Semiaquatic in nature, platypus inhabit small streams and rivers throughout a vast range that stretches from the tropical rainforests of coastal Queensland as far north as the base of the Cape York Peninsula to the frigid highlands of Tasmania and the Australian Alps. [55].

Inland, its distribution is not well known. On the mainland of South Australia, it was thought to be extinct; the last sighting was reported in 1975 at Renmark. [56] John Wamsley established a platypus breeding program in Warrawong Sanctuary in the 1980s; it closed later. See below. [57][58] Unconfirmed sightings of a platypus nesting were reported in 2017 downstream from the sanctuary,[56] and footage of the nesting animal was captured inside the recently reopened sanctuary in October 2020. [59].

The platypus has vanished from the main Murray-Darling Basin, possibly as a result of irrigation and land clearing resulting in decreasing water quality. [62] Its distribution along the coastal river systems is erratic; it is absent from certain reasonably healthy rivers but present in some severely degraded ones, such as the lower Maribyrnong. [63].

Platypuses in captivity have reached the age of 17, and 11-year-old wild specimens have been captured again. Adult mortality rates in the wild seem to be low. [16] Goannas, hawks, owls, eagles, water rats, and snakes are examples of natural predators. There may be a reason for the low platypus population in northern Australia: crocodile predation. [64] There’s a chance that the 1845 introduction of red foxes for sport hunting had some effect on their numbers on the mainland. [27] Normally nocturnal and crepuscular, platypus can become active on cloudy days. Its habitat spans rivers and the riparian zone, providing it with both prey and riverbanks where it can excavate burrows for resting and nesting. [66] Its maximum range is seven kilometers (4 3 mi), a male’s home range overlapping three or four females’ home ranges. [67].

Because it can swim very well, platypus spends a lot of time in the water searching for food. It swims differently from other mammals, using its front feet to propel itself in alternating strokes, and its webbed hind feet, which are held against the body and used only for steering, along with the tail. [69] It can forage for hours in water below 5 °C (41 °F) while maintaining its comparatively low body temperature of about 32 °C (90 °F). [16] Typically, dives last 30 seconds, with an estimated aerobic limit of 40 seconds. In between dives, there should be a 10- to 20-second surface interval. [70][71].

The platypus burrows about 30 cm (12 in) above the riverbed in a short, straight tunnel, with an oval entrance hole that is frequently covered in a tangle of roots. It can sleep for up to 14 hours a day [68] following a half-day of diving. [72].

As a carnivore, the platypus consumes freshwater shrimp, annelid worms, insect larvae, and yabby (crayfish), which it either swims or uses its snout to dig up from the riverbed. Before devouring its meal, it brings its prey to the surface in cheek-pouches. [68] It consumes approximately 2020% of its body weight every day, meaning it must spend an average of 2012 hours a day searching for food. [70].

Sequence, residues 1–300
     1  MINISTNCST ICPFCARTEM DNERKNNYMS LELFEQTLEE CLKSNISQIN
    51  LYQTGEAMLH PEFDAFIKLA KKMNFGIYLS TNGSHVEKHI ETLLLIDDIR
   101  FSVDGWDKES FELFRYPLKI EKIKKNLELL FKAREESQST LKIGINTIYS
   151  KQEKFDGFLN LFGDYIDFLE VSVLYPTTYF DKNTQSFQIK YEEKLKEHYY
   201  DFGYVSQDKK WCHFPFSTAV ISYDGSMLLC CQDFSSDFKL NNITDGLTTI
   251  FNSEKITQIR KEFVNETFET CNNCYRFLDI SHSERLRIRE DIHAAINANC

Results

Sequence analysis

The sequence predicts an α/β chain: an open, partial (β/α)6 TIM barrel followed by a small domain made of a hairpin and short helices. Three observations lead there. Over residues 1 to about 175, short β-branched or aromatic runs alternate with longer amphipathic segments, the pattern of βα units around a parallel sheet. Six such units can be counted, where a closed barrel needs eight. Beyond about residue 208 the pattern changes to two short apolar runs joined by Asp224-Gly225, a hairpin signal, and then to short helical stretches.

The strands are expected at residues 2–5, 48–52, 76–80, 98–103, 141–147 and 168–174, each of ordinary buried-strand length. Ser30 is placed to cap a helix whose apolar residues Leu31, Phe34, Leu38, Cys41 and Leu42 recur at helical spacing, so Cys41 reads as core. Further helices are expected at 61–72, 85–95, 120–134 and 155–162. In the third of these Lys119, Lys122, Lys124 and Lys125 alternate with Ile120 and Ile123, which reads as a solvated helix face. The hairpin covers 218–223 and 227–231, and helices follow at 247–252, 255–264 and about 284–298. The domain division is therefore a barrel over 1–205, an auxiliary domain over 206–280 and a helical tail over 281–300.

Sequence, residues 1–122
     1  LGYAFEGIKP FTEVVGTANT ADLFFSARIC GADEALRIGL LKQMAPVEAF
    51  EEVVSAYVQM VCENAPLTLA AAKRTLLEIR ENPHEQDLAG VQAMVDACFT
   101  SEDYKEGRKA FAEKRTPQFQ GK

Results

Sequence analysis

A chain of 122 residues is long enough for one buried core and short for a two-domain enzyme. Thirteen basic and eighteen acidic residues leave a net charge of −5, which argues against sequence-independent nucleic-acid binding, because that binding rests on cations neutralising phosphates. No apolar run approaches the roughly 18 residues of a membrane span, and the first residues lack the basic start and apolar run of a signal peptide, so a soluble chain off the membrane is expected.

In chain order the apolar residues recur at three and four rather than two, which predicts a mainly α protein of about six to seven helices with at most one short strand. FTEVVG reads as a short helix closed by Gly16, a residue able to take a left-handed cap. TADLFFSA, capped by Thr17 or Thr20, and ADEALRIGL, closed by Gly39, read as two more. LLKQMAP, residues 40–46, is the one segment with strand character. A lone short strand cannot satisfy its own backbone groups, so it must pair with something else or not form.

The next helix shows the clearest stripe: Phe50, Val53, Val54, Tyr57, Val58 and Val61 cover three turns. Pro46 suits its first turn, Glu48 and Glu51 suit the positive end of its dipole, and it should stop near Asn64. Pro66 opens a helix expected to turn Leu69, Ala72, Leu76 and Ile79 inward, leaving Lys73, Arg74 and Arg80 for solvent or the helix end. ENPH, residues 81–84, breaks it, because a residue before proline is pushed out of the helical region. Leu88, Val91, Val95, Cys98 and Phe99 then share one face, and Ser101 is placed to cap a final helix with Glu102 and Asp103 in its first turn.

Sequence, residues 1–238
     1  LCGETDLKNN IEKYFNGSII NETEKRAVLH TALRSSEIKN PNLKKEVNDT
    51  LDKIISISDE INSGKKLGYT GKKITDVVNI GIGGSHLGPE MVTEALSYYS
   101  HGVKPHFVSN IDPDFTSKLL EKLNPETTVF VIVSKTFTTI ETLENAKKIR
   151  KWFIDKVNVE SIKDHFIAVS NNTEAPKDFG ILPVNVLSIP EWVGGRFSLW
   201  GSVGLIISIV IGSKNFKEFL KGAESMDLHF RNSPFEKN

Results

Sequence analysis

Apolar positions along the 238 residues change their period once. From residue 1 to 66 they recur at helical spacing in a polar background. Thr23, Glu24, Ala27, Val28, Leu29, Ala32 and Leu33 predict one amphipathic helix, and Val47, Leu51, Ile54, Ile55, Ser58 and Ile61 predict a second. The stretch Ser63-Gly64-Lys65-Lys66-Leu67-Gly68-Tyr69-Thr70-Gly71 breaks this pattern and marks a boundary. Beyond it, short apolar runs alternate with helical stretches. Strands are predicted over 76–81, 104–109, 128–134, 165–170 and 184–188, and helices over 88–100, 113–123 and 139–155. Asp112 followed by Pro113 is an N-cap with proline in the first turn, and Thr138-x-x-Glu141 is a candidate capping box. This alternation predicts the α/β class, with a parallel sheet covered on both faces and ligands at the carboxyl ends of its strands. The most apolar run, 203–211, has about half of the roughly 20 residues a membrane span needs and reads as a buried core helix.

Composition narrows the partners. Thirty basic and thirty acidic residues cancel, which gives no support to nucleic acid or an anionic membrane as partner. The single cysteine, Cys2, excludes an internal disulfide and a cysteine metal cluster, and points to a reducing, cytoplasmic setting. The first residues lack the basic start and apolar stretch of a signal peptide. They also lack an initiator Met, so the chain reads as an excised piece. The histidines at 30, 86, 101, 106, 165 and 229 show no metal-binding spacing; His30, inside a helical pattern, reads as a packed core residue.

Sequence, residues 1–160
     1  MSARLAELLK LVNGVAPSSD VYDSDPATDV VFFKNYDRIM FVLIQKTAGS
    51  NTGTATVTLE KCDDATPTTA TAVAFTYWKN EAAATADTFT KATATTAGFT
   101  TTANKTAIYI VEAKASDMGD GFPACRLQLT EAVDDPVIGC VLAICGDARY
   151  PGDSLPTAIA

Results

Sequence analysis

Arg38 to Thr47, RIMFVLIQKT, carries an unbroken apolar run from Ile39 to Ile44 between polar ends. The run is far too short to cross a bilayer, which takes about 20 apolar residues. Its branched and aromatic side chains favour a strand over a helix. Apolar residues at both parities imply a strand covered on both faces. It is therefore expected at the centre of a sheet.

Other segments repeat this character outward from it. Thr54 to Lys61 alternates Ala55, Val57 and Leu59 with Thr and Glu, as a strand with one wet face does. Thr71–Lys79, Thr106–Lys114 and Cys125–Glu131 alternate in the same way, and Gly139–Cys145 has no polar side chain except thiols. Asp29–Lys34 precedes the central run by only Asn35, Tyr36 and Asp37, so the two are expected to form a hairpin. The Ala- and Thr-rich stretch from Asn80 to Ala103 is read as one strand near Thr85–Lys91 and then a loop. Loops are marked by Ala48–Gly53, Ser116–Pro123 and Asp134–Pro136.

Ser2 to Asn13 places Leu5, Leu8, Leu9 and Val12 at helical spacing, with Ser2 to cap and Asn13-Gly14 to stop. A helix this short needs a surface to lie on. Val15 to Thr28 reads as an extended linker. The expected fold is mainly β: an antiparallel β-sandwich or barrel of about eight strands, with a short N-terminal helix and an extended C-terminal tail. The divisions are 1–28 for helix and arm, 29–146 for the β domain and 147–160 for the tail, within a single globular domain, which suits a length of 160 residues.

Wildlife sanctuaries

When National Geographic Magazine published an article in 1939 about the platypus and the attempts to study and raise it in captivity, a large portion of the world was first introduced to the platypus. Only a small number of young have been successfully raised since—most notably at Healesville Sanctuary in Victoria—due to the difficulty of the latter task. David Fleay took the lead in these efforts, setting up a platypusary (a tank-based stream simulator) at the Healesville Sanctuary in 1943, where breeding was successful. [108] In his wildlife park at Burleigh Heads on the Gold Coast, Queensland, he discovered a dead baby in 1972, which had most likely been born in captivity. [109] Healesville used a similar stream tank to replicate its success in 1998 and 2000. [110] Since 2008, Healesville has been the site of frequent platypus breeding, including second-generation (captive-born offspring breeding in captivity) [112] Sydney’s Taronga Zoo successfully produced twins in 2003 and again in 2006. [110].


Why is platypus classified as a mammal?

The platypus is classed as a mammal because it has fur and feeds its young with milk. It flaps a beaver-like tail. But it also has bird and reptile features — a duck-like bill and webbed feet, and lives mostly underwater.

Which animal gives both milk and egg?

The only mammal that produces both milk and eggs is thus the platypus. It seems to have a duck’s beak. It is an egg-laying animal that lives in a semi-aquatic environment.

Is a platypus an egg?

Together with the four species of echidna, it is one of the five extant species of monotremes, mammals that lay eggs instead of giving birth to live young.

Do platypus lay eggs and produce milk?

The platypus (Ornithorhynchus anatinus) has a puzzling array of features. Not only does it have that iconic duck bill, it lays eggs like a bird or reptile but feeds milk to its young like a mammal.